Forget postcards, fridge magnets or old currency, Gen Z and Millennial travellers and tourists have found a more permanent souvenir for their vacations: tattoos. 

My flatmate is a session musician who travels a lot for work. From Bristol to Bogota, Amsterdam to Accra he collects a different bag of coffee beans whenever he travels to a new place, usually in beautiful, reusable packaging. I think it is such a beautiful concept. He has found something so universal (coffee is drunk pretty much everywhere) yet so diverse. Then when he comes home he drinks the product of that land and is forever reminded of the taste in its beautiful reusable packaging. 

This sentiment helps me, as a Gen Z creative with not a single tattoo, to understand this new craze among many Gen Z and Millennial travellers. Tattoo tourism or “tattourism” is the latest trend pioneered by Gen Z and millennials, who choose to memorialise a trip with a tattoo as the ultimate souvenir. They’ll often travel far for the opportunity to get etched by a renowned tattoo artist, whose creativity is on display on social media and whose highly coveted designs sometimes lead to wait lists that span from months to even years.

There are now even famous “tattourist” influencers such as 32-year-old Andy Glickman, a hair stylist and yoga teacher from Philadelphia. His body art takes you on a journey of not only his travels but his heritage and interests. From a Star of David tattoo on a trip to Israel, where he delved into his Jewish heritage to a hand-carved Sak Yant tattoo on his back from a Buddhist monk in Chiang Mai, Thailand – a bid to strengthen his spirituality. “Each piece signifies a transformative moment in my life and a bond to the exotic location.”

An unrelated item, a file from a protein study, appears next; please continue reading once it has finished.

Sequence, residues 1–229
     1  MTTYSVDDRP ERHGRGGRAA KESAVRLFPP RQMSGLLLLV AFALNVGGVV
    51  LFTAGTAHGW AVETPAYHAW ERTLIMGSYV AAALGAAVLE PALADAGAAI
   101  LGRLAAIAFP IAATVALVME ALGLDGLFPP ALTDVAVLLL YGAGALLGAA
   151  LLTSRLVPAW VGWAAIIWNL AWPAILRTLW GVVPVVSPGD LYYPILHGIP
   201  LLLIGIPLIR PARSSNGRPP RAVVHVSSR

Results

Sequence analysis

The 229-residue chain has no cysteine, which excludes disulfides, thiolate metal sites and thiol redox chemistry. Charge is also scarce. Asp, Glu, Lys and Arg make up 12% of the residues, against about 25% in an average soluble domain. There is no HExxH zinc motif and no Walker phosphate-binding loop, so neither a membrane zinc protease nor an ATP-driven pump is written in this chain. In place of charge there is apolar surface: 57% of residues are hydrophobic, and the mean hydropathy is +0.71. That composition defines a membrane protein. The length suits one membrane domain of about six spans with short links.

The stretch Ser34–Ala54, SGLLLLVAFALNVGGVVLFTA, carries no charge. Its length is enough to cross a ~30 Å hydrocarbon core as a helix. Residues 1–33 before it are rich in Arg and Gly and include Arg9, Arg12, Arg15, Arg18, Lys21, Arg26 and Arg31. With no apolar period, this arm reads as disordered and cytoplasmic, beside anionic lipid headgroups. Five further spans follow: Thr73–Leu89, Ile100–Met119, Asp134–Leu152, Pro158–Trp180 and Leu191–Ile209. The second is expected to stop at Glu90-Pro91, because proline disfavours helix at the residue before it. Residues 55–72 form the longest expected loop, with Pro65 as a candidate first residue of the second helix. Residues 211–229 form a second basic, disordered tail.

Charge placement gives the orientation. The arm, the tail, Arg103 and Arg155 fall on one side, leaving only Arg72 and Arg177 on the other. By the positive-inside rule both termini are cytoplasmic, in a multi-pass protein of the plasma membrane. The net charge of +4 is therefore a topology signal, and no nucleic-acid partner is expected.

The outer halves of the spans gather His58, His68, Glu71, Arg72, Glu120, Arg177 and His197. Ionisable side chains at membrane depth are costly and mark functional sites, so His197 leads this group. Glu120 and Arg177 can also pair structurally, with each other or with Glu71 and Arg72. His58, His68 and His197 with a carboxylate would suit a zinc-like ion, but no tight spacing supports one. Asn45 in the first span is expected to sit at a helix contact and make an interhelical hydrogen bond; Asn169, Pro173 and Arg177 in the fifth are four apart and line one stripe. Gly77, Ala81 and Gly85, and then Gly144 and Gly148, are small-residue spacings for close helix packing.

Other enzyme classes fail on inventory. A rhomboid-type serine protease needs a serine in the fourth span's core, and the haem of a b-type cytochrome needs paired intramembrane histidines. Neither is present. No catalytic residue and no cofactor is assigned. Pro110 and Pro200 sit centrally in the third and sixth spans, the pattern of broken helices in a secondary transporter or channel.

Themes of legacy and connection seem to be key themes among “tattourists”. Similarly, Rachel Ahrnsen, a 30-year-old grant writer from Cincinnati, Ohio, sought out Razzouk Tattoo in Jerusalem, a shop that has tattooed pilgrims since the 14th century. “It’s cool to feel connected to people hundreds of years ago, who were tattooed with the same design,” Ahrnsen said, who chose a Love and Family design with its tree and birds imagery.

As you can imagine, it wasn’t long before brands started capitalising off this trend. In 2019, Moxy Hotels, a Marriott subsidiary known for its youthful vibe, signed up tattoo artist Jonathan “JonBoy” Valena (whose clients include Justin Bieber and Kendall Jenner) for an exclusive residency at their Times Square hotel. Virgin Voyages’s onboard cruise offerings now include a tattoo shop curated by World Famous Tattoo Ink (which boasts half a million Instagram followers). Frank Webber, Virgin Voyages’ SVP of Fleet Operations, came up with the idea after going to a well-known tattoo artist in Miami Beach and learning that customers came in before or after a cruise to commemorate their vacation.

Gen Z and younger Millennials are known for their ‘don’t give a fuck’ attitude and ability to embrace inclusivity and individuality. Sean Flynn, a 36-year-old editor spontaneously got a tattoo on a recent trip to Barcelona and summed up this sentiment beautifully in a quote to the Wall Street Journal. “What’s important is not what someone else thinks of my tattoos, but what I derive from them, the satisfaction and personal joy they bring me […] That’s better than any souvenir.”

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